Appreciate every phase of your career

It’s not just about being at the top, it’s about enjoying and making the most out of every step of the journey, says Cathy Quinn

Appreciate every phase of your career
When she was still earning her law degree in Wellington, Cathy Quinn remembers a young man at university who couldn’t wait to be in his late thirties. He was about 20 years old.

“He wanted the trappings that came with being 35 or 40. He wanted the BMW and the nice house and all those things,” Quinn says. “Those things come with time, but you need to enjoy each moment that you’re in. You’re never going to be 20 again. You’re never going to be at law school again. As you become more senior, you have a lot more responsibility, so you should enjoy every phase. Rather than worrying about the next phase, enjoy the one you’re in,” she adds.

And Quinn, who will be speaking at the Women in Law Summit at the Pullman Auckland on 17 August, has effectively handled a lot of responsibility. She led MinterEllisonRuddWatts before handing the controls to current chairman, Lloyd Kavanagh, earlier this year. For almost a decade, she was a member of the Securities Commission and the only lawyer appointed to the Capital Markets Development task force. She was also an inaugural member of the Commercial Advisory Board to the New Zealand Treasury, before eventually being given a seat on the organisation’s board in late 2016.

Quinn is undoubtedly in the select group of women who are at the top of the legal profession. However, she says she did not set out to become chair of one of the nation’s leading law firms. Reaching the top was only a product of her drive to appreciate and make the most out of every step of her journey. That’s her advice for both young women and men, who are just starting out or are thinking about a career in law.

“I enjoy being a lawyer. I love advising clients. I’ve worked with some fantastic clients on some very exciting transactions and I’ve had the good fortune to work with great people both inside my firm and on the other side of the table, whether it’s partners in other firms or investment banks and so forth,” she says. “I always wanted to be a partner but I never set out to become the chairman of the firm. It’s just something that happened. I’ve enjoyed every phase, and I think it’s important to enjoy every phase.”

Part of enjoying every phase of one’s career is the professional development, which everyone should maintain as a goal.

“The thing you should always be trying to do is to improve yourself and to look for opportunities to grow as a lawyer. Look to do work for different partners, or learn about a new area, and always try to go above and beyond,” she says. “If you try and go above and beyond, you’ll do a good job and you’ll be more satisfied. If you just did the bare minimum, I don’t think that will be very satisfying.”

Just as some young women lawyers find inspiration in her storied career, Quinn says one of the things that motivated her to join legacy Rudd Watts & Stone is it being the only major commercial firm at the time to have a female partner. That was Dame Patsy Reddy, New Zealand’s current Governor-General, and she was part of the panel that interviewed Quinn. Over the years, she’s seen the business of law, and the leadership ranks of the wider business landscape, begin to fill up with women.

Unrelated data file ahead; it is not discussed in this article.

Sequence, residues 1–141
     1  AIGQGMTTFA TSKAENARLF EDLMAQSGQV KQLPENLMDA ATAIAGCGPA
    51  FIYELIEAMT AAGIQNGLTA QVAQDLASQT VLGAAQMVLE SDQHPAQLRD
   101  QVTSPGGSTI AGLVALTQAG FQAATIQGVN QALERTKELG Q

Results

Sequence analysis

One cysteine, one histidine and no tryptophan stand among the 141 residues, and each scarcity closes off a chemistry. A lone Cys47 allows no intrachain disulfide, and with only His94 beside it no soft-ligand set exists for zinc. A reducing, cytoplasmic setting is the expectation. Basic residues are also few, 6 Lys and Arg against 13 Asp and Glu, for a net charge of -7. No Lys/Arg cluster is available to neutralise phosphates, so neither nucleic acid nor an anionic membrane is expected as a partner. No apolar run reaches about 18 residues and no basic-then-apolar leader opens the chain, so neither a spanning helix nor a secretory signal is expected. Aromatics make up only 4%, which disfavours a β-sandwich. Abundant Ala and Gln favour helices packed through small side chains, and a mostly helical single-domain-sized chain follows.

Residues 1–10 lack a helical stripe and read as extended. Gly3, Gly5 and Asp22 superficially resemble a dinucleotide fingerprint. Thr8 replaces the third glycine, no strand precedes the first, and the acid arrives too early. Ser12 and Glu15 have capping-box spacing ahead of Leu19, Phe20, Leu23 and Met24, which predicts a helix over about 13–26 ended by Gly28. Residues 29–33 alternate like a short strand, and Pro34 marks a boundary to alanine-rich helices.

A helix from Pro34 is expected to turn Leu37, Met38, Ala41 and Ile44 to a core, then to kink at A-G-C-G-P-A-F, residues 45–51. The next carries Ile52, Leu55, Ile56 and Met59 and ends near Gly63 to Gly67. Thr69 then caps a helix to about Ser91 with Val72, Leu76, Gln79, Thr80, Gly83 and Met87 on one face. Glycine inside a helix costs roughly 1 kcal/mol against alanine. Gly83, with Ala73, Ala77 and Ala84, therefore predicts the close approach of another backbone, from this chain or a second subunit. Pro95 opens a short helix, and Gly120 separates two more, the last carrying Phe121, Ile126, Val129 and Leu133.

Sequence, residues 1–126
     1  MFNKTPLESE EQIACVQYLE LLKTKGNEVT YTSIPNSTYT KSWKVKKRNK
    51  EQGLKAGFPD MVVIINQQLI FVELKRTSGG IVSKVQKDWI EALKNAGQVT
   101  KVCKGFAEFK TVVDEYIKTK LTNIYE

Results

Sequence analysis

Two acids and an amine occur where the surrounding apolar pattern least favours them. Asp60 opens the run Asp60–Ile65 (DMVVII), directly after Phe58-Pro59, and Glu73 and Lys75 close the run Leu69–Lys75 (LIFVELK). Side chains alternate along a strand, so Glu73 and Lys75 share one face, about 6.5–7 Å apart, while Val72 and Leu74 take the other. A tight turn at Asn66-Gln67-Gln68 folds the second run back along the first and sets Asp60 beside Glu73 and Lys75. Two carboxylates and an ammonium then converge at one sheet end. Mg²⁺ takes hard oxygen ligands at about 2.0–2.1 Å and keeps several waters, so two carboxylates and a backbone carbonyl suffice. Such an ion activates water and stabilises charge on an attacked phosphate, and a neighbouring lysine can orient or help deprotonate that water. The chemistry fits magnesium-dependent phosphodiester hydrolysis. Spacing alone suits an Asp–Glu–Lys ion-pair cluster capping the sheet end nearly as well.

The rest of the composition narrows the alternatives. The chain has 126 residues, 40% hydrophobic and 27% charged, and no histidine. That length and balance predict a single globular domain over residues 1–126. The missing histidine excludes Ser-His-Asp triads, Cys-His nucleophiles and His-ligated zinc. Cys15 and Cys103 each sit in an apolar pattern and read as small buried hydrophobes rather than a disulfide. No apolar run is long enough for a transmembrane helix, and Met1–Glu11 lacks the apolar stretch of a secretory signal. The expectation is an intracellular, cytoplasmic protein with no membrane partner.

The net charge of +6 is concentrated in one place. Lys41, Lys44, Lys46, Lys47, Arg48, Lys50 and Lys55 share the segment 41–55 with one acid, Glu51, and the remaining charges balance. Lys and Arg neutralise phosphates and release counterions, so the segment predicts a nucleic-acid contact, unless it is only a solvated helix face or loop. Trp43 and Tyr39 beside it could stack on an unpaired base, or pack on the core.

“There are a lot more women in the profession at all levels,” she says. “It was certainly very common in the first decade or so [of my career] to go to meetings where you would be the only woman. It’s now more common to see other women senior legal counsel, businesswomen, female directors. That’s quite a difference from what it was 30 or even 20 years ago.”

Nonetheless, even though a lot has changed, Quinn says leaders of the legal profession should continue to encourage diversity in all ranks of their organisations.

“Law firms, like all business, are conscious of the importance of diversity, and there is ample evidence that diversity leads to better financial results. [There’s] ample evidence, whether it’s gender diversity, race, age, or different backgrounds,” she says. “I think that the profession is just as aware of that evidence that they need to be more diverse to allow their businesses to be successful. I think everyone understands that and I think most first are working to improve their diversity at all levels – but those things don’t happen overnight.”

In order for this to happen, she says firms need to create opportunities and ensure these opportunities are available to all members of the firm, which is where targets play a vital role.

“I do think that there’s nothing wrong with targets and measuring yourself against targets. I don’t believe in quotas, but having targets that you measure yourself against, I think, keeps everyone honest,” she says.

A way to promote equal opportunity in firms is to embrace flexible working arrangements, Quinn says. Firms just need to find the right balance, which isn’t always a straightforward undertaking.

“There is a demand for flexible working by both men and women,” she says. “The challenge is to make that work in the context of a services business. It’s very competitive, and our clients are rightly demanding. It’s not necessarily easy, but I accept that that is a demand of the younger generation, both men and women. I would just also say, you can’t have your cake and eat it. The key is to find the right balance.”

Quinn also challenges other leaders in the law to enable everyone to be their best, saying: “I think being in this position is a privilege, and we have an obligation to our clients and our people to allow everyone to be the best they can be.”

Cathy Quinn will be speaking at the Women in Law Summit being held on 17 August at the Pullman Auckland. For more information, please visit

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